A bushel is an imperial and US customary unit of volume based upon an earlier measure of dry capacity. The old bushel was equal to 2 kennings, 4 pecks or 8 dry gallons and was used for agricultural products such as wheat. In modern usage, the volume is nominal, with bushels denoting a mass defined differently for each commodity; the name "bushel" is used to translate similar units in other measurement systems. The name comes from the Old French boissiel and buissiel, meaning "little box", it may further derive from Old French boise, thus meaning "little butt". The bushel is an intermediate value between the pound and ton or tun, introduced to England following the Norman Conquest. Norman statutes made the London bushel part of the legal measure of English wine and grains; the Assize of Bread and Ale credited to Henry III, c. 1266, defined this bushel in terms of the wine gallon, while the c. 1300 Assize of Weights and Measures credited to Edward I or II defined the London bushel in terms of the larger corn gallon.
In either case, the bushel was reckoned to contain 64 pounds of 12 ounces of 20 pence of 32 grains. These measures were based on the light tower pound and were used in Scotland, Ireland, or Wales during the Middle Ages; when the Tower system was abolished in the 16th century, the bushel was redefined as 56 avoirdupois pounds. The imperial bushel established by the Weights and Measures Act of 1824 described the bushel as the volume of 80 avoirdupois pounds of distilled water in air at 62 °F or 8 imperial gallons; this is the bushel in some use in the United Kingdom. Thus, there is no distinction between dry measure in the imperial system; the Winchester bushel was the volume of a cylinder 18.5 in in diameter and 8 in high, which gives an irrational number of cubic inches. The modern American or US bushel is a variant of this, rounded to 2150.42 cubic inches, less than one part per ten million less. It is somewhat in use in Canada. Bushels are now most used as units of mass or weight rather than of volume.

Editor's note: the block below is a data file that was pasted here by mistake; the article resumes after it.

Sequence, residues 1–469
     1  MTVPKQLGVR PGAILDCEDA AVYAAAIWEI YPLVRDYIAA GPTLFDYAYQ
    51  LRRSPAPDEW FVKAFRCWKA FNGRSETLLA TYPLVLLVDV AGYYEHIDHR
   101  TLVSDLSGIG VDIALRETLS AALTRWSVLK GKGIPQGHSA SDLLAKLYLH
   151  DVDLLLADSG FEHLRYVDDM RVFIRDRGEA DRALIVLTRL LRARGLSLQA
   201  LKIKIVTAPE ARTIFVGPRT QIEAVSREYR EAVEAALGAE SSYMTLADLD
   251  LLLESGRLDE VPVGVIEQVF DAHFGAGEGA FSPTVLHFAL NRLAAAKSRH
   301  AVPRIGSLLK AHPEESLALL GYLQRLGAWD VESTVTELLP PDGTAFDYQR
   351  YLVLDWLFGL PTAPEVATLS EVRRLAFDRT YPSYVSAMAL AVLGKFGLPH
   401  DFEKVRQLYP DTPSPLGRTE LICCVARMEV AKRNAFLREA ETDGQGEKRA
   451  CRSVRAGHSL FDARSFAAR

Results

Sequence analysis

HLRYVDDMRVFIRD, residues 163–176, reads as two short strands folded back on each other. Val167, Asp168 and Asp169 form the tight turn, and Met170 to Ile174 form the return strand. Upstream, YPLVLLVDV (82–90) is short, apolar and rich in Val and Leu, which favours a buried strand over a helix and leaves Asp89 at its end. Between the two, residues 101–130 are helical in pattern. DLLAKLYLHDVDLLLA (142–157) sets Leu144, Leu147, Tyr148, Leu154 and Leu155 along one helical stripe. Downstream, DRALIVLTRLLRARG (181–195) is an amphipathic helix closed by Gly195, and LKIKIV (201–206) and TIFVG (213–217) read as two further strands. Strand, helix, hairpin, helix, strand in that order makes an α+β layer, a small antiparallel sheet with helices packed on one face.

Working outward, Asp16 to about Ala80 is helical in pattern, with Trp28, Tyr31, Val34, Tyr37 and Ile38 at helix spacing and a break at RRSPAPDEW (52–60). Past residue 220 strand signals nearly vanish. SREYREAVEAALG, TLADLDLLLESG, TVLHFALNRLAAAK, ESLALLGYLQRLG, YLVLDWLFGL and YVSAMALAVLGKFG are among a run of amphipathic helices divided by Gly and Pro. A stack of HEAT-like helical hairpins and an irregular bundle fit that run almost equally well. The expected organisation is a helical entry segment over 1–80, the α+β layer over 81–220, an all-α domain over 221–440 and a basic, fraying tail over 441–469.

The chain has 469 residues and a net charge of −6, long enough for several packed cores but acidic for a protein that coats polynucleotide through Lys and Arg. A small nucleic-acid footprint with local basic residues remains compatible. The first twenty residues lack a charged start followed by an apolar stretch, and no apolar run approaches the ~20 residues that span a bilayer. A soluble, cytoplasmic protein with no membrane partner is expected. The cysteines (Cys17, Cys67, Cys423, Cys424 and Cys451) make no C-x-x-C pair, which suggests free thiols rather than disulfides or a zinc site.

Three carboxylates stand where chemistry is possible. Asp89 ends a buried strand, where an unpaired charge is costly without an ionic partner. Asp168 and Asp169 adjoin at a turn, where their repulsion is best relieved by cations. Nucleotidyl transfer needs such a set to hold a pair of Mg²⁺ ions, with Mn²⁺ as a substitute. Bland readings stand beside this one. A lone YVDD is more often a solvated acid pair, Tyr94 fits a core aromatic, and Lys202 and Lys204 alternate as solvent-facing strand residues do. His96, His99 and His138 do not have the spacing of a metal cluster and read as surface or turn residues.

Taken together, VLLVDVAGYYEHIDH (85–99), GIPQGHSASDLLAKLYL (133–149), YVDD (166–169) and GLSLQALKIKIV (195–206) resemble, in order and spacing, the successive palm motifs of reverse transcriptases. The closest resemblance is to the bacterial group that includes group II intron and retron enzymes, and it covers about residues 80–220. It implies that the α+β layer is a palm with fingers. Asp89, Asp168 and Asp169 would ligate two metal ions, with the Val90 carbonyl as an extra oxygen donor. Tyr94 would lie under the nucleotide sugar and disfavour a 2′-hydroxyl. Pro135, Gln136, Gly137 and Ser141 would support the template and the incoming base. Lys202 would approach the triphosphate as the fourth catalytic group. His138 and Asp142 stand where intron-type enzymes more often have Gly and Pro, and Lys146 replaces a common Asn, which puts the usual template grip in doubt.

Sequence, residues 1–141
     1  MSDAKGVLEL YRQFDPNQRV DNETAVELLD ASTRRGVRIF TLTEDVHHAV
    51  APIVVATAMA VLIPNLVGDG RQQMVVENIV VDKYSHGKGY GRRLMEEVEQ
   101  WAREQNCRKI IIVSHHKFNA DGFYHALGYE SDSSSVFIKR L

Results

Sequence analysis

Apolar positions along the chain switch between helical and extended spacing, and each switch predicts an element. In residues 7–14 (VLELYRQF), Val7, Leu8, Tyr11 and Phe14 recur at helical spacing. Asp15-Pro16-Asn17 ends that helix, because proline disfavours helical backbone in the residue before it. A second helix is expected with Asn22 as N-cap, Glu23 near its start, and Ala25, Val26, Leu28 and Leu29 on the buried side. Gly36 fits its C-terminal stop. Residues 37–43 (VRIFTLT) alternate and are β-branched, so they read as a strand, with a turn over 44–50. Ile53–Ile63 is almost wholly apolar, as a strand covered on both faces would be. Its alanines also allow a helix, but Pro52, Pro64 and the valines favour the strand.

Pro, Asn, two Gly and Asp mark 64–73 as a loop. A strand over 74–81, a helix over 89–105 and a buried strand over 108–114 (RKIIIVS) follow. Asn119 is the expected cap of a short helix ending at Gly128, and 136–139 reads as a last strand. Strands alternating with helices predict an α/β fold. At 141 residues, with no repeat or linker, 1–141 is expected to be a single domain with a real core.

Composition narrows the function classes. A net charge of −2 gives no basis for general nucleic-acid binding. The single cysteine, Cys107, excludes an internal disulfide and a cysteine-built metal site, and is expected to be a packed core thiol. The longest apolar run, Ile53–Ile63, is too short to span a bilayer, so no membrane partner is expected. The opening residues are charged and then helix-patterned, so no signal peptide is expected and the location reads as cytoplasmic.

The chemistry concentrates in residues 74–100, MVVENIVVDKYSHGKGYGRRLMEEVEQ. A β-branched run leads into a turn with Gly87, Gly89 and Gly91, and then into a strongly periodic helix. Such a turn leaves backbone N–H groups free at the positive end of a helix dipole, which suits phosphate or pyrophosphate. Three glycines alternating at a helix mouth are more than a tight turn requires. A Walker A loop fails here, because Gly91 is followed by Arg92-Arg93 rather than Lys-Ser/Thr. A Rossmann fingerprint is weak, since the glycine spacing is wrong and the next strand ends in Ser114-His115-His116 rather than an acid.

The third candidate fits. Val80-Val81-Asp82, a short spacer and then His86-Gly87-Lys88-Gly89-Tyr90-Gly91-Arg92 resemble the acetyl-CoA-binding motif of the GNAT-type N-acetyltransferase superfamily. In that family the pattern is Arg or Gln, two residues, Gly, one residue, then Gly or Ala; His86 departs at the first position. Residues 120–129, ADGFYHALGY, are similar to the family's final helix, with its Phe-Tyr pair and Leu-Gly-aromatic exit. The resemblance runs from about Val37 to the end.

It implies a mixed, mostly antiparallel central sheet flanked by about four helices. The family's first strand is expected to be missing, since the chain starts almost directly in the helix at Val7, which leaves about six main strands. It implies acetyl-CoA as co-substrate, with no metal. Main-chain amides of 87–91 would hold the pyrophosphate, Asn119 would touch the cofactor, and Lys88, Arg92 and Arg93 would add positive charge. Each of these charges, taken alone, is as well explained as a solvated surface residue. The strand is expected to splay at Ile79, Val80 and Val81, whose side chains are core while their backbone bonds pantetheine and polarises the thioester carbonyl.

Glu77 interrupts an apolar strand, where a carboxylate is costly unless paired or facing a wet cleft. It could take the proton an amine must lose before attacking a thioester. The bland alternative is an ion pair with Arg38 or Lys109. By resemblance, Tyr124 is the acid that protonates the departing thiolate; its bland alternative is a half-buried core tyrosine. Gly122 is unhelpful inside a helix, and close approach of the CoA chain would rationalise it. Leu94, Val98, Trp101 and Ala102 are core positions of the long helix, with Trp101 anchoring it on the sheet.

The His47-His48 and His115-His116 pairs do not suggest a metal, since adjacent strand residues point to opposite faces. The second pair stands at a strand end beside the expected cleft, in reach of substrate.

The bushels in which grains are bought and sold on commodity markets or at local grain elevators, for reports of grain production, are all units of weight. This is done by assigning a standard weight to each commodity, to be measured in bushels; these bushels depend on the commodities being measured, on the moisture content of the commodity. Some of the more common ones are: Oats: US: 32 lb Canada: 34 lb Barley: 48 lb Malted barley: 34 lb Shelled maize at 15.5% moisture by weight: 56 lb Wheat at 13.5% moisture by weight: 60 lb Soybeans at 13% moisture by weight: 60 lb Other specific values are defined for other grains, fruits, coal and many other commodities. Government policy in the United States is to phase out units such as the bushel and replace them with metric mass equivalents; the German bushel was the Scheffel. The Polish bushel was used as measure of dry capacity, it was divided into 4 quarters and in the early 19th century had a value of 128 litres in Warsaw and 501.116 litres in Kraków.
The Spanish bushel was used as a measure of dry capacity. It was equal to 55.5 litres in Castille. Coomb Lamp under a bushel Winchester measure U. S. Commercial Bushel Sizes for Agricultural Crops at the Wayback Machine
Ballykinlar or Ballykinler is a village and civil parish in County Down, Northern Ireland. It lies 12 kilometres south west of Downpatrick, in the parish of Dundrum. In the 2001 Census it had a population of 348 people, it is within the Newry and Down area. It is a linear settlement running parallel to the Irish Sea coast and bordered by a British Army camp to the west and south west, it is a residential village with a low level of a good bus service. The village is within the Lecale Coast Area of Outstanding Natural Beauty; the surrounding landscape consists of low marshes. Ballykinlar is the site of a major British Army base now known as Abercorn Barracks. Public houses in the area include The Four Roads Inn; the Minerstown Tavern provide a minibus connection to the village. Visitors to Ballykinlar include walkers and hikers who wish to observe the coastline of County Down, undertake the Ballykinlar to Killough walk which passes the Blue Flag beach at Tyrella. Ballykinlar Halt railway station was opened in March 1915, but was closed on 16 January 1950.